That doesn't really seem like a one stop flight to me. That's a flight from Raleigh to Johannesburg with a change of planes in Atlanta.

A one stop flight would be a flight that takes off from city A, lands in city B, then continues with the same flight number to city C. An example would be America West's flight 840... Reno-Phoenix-Raleigh/Durham. Same flight number, same plane. Or Southwest 1548. Seattle - San Jose - San Diego - Albuquerque - Kansas City. Ok, that's more than one stop....



You can't fix stupid.... - Ron White
User currently offlineCactus739 From United States of America, joined Jan 2004, 2448 posts, RR: 30
Reply 8, posted (9 years 11 months 2 weeks 4 days 7 hours ago) and read 3662 times:

MAH4546

What is the purpose of the direct flight (same flight number different plane)? I remember several years ago I flew PHX-DTW on NW 68, a 757. Flight 68 was then continuing to AMS (I believe) from a different gate and our 757 was going to EWR. Continental 4 goes from MSY-IAH, changes planes and goes to LGW.

Why not have each flight have its own number?



You can't fix stupid.... - Ron White
User currently offlineDeltaffindfw From United States of America, joined Sep 2003, 1440 posts, RR: 0
Reply 9, posted (9 years 11 months 2 weeks 4 days 7 hours ago) and read 3631 times:


DL used to have a flight 199 from MCO-ANC. It was actually routed MCO-DFW-SLC-ANC.


User currently offline6thfreedom From Bermuda, joined Sep 2004, 3328 posts, RR: 20
Reply 10, posted (9 years 11 months 2 weeks 4 days 6 hours ago) and read 3633 times:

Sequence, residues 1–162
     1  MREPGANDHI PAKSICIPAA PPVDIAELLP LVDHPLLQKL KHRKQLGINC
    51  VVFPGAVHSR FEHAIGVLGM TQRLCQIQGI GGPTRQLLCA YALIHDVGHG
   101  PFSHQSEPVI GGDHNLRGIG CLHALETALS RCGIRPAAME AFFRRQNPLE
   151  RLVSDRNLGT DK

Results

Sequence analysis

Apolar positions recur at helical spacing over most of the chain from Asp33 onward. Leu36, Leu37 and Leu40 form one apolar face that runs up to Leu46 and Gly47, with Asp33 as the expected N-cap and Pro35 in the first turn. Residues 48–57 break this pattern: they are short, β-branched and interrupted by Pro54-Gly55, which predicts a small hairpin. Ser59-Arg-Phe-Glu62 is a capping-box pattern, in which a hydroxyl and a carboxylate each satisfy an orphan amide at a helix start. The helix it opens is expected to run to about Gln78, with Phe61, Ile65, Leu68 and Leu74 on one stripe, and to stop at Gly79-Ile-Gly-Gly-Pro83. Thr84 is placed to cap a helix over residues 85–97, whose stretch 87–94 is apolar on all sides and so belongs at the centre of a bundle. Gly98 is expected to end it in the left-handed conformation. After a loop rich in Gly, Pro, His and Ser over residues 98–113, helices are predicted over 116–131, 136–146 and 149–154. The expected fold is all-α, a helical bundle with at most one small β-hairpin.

there are plenty of those in Australia, particularly with the Asian carriers. I think it is viewed as a risk reduction method when introducing services. Increased costs, but at the same time more pax. It is also due to the fact that since Ansett collapsed, add-on fares with QF have increased.

eg.
CA - PEK/PVG/MEL/SYD/PVG/PEK
AD - DPS/MEL/SYD/DPS, AND COUNTER ROTATING
MU - PVG/MEL/SYD/PVG
GA - DPS/ADL/MEL/DPS, AND COUNTER ROTATING
PAL - MNL/MEL/SYD/MNL
TG - BKK/SYD/MEL/BKK

Some airlines which use to do this but have since introduced point to point flights include MH, VN, BA, OS


User currently offlinePanAm747 From United States of America, joined Feb 2004, 4242 posts, RR: 8
Reply 11, posted (9 years 11 months 2 weeks 4 days 5 hours ago) and read 3521 times:

Thanks to all for your responses!! Very much appreciated.

Let me narrow the discussion a bit. Let's leave Southwest Airlines out, because they do not "hub" in the traditional sense. The hub airport does not count as one of the stops. Think of it like a bus picking up passengers on the way to the transit hub.

Routes I'm looking for are like TUS-PHX-IAD (PHX is not a UA hub), or Delta's old SAN-PHX-JFK operated for a while. Are these almost completely a thing of the past?



Pan Am:The World's Most Experienced Airline - P(oor) S(ailor's) A(irline): San Diego's Hometown Airline-Catch Our Smile!
User currently onlineMAH4546 From Sweden, joined Jan 2001, 32782 posts, RR: 72
Reply 12, posted (9 years 11 months 2 weeks 4 days 4 hours ago) and read 3493 times: